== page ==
—James E. Johnston, Specialty Salesman Magazine, Atlanta, Ga., March 1969.
Does your goal list look the same as last year's? You can't make progress this year with last year's objectives or successes. If your list is stagnate, revitalize it--set new goals. Successes are stepping stones, not resting places. Too often we relive our past accomplishments and forget to plan for the future ones.
—Shela Mariann Larsen, Fishers of Men, Hamburg, West Germany, June-July 1965.
Goals to be reached must be within reasonable compass and promoted by people of determination.
—D.A. Manker, The Wesleyan Methodist, Syracuse, N.Y., Nov. 7, 1956.
Aim high–better to shoot at a star and miss than splatter mud around a tadpole.
—Phil H. Armstrong, Florida Times-Union, Jacksonville, Fla., Oct. 4, 1923.
A man may possess a train of thought and yet fail in securing the right of way to reach his goal.
—Benjamin Arstein, San Antonio Express, San Antonio, Feb. 12, 1911.
Goals are achieved through challenges we make to ourselves.
—Lyman P. Pinkston, Gulf States Mission, Shreveport, La., March 1968.
A personal, organized effort--that is what a goal is. Goal means organization and goal-setting is the same as organized personal planning. Goals help tighten up our ship and direct our attention, focus our strength, and increase our efficiency.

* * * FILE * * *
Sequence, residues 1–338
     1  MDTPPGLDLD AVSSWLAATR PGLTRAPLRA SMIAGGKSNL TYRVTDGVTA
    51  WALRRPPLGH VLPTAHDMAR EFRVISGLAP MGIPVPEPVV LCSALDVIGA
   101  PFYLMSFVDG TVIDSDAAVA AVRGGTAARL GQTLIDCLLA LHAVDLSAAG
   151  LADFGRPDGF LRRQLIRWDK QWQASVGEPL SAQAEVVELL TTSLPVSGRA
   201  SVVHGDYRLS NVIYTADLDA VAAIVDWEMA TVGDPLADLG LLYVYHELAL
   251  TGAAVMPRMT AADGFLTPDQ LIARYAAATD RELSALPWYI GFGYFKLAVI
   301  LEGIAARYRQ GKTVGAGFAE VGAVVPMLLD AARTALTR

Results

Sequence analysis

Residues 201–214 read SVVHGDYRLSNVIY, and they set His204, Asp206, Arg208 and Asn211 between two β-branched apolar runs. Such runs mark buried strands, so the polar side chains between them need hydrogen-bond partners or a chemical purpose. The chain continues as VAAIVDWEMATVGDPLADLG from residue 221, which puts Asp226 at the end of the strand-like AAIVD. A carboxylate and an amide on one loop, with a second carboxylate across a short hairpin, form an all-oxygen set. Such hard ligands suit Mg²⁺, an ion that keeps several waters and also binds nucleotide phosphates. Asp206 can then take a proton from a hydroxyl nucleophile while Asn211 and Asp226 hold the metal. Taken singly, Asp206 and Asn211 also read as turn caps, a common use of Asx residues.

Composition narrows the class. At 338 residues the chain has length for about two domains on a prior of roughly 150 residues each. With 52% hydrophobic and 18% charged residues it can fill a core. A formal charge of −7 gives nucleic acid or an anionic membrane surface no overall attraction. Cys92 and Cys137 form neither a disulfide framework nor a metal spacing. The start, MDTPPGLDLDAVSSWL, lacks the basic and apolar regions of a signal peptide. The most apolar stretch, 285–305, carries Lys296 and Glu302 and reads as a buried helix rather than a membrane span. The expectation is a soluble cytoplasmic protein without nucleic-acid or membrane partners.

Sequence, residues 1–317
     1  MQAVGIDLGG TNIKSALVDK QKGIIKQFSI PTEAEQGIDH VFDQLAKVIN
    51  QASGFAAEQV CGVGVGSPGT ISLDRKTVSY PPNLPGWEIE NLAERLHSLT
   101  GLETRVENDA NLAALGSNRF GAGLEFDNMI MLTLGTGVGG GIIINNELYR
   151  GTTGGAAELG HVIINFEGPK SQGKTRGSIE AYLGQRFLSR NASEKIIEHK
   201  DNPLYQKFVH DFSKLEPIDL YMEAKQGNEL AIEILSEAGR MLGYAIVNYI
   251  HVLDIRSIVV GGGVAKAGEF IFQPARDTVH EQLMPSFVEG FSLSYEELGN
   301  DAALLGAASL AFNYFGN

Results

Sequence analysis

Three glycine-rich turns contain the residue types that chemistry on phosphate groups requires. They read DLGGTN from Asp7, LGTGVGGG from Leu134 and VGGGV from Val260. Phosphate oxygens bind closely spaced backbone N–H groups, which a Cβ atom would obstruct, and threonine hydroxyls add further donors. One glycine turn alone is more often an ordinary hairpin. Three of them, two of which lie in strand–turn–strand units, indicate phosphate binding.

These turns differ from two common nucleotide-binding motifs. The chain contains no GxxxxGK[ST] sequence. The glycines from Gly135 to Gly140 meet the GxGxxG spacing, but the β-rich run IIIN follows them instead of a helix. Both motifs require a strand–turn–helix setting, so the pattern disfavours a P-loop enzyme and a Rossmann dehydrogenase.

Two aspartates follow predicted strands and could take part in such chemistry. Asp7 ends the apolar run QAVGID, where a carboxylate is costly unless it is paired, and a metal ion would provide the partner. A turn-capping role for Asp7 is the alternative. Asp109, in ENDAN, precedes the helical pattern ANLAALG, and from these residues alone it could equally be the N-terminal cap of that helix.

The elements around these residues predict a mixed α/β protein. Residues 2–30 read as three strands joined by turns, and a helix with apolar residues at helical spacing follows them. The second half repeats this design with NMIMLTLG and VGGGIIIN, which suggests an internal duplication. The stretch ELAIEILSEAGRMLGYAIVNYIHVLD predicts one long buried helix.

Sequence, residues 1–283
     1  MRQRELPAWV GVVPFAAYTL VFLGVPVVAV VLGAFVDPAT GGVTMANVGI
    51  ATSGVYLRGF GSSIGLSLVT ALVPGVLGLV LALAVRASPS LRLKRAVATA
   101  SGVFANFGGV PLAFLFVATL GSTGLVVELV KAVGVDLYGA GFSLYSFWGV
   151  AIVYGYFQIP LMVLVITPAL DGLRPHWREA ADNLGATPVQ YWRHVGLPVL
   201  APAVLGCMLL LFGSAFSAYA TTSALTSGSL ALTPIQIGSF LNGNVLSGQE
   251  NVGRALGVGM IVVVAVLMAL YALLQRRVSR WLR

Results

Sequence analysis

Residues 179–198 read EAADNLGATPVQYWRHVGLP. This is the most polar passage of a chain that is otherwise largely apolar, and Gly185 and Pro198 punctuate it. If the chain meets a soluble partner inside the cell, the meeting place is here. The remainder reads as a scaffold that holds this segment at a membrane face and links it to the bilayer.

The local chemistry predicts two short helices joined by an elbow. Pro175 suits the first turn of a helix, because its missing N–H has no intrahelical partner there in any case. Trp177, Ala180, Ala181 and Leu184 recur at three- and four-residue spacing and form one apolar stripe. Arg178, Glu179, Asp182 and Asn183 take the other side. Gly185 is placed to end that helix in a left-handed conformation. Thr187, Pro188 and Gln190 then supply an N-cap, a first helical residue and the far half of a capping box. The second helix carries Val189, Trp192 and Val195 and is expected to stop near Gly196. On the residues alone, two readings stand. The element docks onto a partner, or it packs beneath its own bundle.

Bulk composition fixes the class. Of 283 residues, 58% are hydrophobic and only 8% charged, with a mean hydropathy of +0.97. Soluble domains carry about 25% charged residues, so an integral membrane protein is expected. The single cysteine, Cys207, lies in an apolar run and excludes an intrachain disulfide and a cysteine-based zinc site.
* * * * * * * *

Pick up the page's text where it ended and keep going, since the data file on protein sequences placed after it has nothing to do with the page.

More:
—Steve Workman, Challenge, Dusseldorf, West Germany, April 1971. T
he art of keeping the big objective in view is the mark of a real builder.
—Roy L. Smith, Tampa Morning Tribune, Tampa, Fla., Oct. 18, 1938.
Few of us realize just what a goal is, why they are necessary and how they are set. Goals give direction to effort and make work purposeful. When one knows where he is going, waste motions are eliminated. Working to reach goals provides growth and the joy of accomplishment.
When choosing goals they must be worthy of our best efforts, challenging, realistic in our own lives and simple enough that we can define it in terms of our own experience. The goal must be interesting to pursue and bring happiness. Only when a goal represents individual desire for accomplishment will we attain success.
The following is a guide one could use in setting goals.
1. Determine what you are trying to accomplish.
2. What are the pertinent facts?
3. Consider all possible courses of action.
4. Which course of action comes closest to accomplishing your desire?
5. What are you going to do about it and when?
—Northern Lights, Calgary, Alberta, Canada, August 1963.